Accept and delegate responsibility
While Save the Children has set out on this mission to inspire and achieve lasting impact for the world’s most vulnerable children, they realize they cannot do this alone. In every region they have set forth to implement programs, they have enlisted the assistance of others, including educators, politicians, NGOs, families and even the children. Save the Children has accepted the responsibility of educating children in their rights, yet delegated the responsibility of being advocates for themselves and their peers to these students. Children are given the responsibility of designing their school by choosing wall colors and chair type. They have access to complaint boxes where they voice their concerns and suggestions for their school. They represent their peers and schools in municipal Children’s Assemblies.
I cannot recall a time in which I’ve been more inspired than when meeting the Gjakova Children’s Assembly. Every teen (age 12-14) was very polite, poised and mature. They like the same things other teenagers do: music, robotics, and soccer. In addition, they serve as the voice of their school in spite of and because of the apathy of their peers. They actively chose to create a video to educate teens about the benefits and harms of social media. They created brochures to educate children of their rights. Even as we sat with them, they were planning projects to better serve their communities and schools.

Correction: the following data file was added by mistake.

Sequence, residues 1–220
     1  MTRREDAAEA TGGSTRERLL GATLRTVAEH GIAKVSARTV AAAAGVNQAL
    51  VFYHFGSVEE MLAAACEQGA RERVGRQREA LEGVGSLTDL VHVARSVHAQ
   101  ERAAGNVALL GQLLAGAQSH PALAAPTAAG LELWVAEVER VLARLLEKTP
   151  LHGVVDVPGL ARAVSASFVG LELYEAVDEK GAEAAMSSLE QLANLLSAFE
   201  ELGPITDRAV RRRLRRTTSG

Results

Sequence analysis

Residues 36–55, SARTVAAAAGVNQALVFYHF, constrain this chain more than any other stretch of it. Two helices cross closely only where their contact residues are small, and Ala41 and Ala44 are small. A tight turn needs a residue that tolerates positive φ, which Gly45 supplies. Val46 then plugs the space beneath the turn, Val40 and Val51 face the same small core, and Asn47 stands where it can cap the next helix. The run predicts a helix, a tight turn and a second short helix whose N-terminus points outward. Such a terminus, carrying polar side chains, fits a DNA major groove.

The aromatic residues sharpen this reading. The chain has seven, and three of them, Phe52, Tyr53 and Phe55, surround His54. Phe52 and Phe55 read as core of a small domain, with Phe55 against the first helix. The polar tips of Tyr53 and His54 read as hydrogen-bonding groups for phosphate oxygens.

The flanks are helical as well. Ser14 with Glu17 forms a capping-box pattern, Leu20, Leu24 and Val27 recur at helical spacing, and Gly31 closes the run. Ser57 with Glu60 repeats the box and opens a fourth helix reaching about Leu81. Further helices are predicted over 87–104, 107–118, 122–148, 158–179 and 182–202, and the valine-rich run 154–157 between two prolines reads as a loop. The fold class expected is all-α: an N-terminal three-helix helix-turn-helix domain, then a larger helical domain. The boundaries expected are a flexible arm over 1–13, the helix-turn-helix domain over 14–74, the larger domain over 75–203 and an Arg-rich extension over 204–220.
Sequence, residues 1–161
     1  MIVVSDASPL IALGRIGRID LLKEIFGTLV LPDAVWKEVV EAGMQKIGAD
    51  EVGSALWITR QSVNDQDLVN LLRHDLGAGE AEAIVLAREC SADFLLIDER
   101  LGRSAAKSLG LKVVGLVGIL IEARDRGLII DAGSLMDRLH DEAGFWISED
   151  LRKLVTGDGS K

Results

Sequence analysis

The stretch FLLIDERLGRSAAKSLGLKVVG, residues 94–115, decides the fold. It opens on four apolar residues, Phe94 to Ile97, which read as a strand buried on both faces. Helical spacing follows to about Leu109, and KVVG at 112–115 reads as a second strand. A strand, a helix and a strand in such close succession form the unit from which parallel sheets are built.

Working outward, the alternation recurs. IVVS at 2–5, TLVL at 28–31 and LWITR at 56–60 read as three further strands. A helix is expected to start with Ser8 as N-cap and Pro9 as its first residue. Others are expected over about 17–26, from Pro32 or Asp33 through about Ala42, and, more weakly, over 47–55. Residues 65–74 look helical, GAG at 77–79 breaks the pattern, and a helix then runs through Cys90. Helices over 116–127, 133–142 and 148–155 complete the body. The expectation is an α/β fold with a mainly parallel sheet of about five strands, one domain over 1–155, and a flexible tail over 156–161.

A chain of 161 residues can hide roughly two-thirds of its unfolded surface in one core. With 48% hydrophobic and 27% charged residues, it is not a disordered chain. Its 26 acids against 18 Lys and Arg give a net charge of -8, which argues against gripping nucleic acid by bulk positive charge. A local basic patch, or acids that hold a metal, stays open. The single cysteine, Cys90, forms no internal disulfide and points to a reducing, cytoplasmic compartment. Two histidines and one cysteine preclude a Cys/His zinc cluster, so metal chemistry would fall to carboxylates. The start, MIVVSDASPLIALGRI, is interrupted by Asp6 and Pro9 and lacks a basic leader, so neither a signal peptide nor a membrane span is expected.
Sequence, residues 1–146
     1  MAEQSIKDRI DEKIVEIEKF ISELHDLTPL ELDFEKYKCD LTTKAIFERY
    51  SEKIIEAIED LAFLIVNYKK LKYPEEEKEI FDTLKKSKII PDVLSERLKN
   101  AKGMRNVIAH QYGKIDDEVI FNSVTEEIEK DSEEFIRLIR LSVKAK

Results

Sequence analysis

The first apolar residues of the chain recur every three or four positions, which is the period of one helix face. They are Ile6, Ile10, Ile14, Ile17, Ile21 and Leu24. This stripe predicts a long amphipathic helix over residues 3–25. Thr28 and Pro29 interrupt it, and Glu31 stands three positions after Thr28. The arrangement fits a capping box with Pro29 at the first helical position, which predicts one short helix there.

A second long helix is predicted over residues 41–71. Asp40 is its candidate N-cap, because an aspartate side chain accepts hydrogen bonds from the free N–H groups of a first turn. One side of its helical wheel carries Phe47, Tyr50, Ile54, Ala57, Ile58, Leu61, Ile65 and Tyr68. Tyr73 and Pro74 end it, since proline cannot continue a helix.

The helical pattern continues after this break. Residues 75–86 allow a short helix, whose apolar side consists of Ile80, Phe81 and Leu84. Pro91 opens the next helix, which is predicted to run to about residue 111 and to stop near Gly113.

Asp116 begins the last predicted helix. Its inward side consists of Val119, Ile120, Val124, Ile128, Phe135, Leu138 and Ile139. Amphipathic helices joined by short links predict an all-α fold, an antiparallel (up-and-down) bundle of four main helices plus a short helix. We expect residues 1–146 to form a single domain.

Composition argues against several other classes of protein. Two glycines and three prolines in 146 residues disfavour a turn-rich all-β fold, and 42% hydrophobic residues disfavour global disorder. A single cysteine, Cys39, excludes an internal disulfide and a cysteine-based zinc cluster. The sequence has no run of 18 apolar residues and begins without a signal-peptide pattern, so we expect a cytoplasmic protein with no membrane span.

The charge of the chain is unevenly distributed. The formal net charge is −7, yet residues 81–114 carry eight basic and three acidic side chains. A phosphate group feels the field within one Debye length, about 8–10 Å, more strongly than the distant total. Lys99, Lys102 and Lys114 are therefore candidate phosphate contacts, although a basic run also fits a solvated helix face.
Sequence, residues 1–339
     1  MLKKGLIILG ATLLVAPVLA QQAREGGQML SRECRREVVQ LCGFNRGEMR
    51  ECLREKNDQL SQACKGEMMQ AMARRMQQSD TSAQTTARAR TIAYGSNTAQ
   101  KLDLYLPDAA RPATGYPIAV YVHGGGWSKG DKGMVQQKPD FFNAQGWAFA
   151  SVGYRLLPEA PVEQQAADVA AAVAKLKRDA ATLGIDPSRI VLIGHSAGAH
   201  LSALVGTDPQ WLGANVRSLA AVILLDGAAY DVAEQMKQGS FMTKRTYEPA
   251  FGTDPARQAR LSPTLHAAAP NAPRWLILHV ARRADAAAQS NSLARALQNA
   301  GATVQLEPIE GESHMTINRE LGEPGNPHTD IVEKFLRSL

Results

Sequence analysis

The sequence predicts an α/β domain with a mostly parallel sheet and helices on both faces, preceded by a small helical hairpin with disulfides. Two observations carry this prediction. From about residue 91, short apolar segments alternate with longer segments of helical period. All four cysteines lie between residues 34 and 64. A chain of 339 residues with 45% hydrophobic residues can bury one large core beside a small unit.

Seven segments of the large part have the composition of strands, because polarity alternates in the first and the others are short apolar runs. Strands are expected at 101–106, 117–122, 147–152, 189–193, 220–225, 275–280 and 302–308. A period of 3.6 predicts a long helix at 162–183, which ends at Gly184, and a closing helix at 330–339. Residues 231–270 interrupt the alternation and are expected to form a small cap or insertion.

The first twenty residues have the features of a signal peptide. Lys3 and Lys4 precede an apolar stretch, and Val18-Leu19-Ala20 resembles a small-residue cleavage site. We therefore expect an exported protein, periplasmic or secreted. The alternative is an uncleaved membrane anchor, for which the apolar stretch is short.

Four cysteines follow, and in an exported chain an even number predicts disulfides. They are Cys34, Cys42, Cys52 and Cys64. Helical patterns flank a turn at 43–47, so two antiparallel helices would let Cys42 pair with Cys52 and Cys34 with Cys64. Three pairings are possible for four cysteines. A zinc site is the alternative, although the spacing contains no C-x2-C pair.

During our visit, we saw the results of many great programs and initiatives undertaken by Save the Children and their partners. What stood out most were the little things that are done every day to really make a difference. A poster on a wall to teach the alphabet. A box in the hallway to give children their voice. A high five to congratulate a child on solving a puzzle. While the greater changes are important too, these small, daily actions are what the children perceive the most that will stick with them.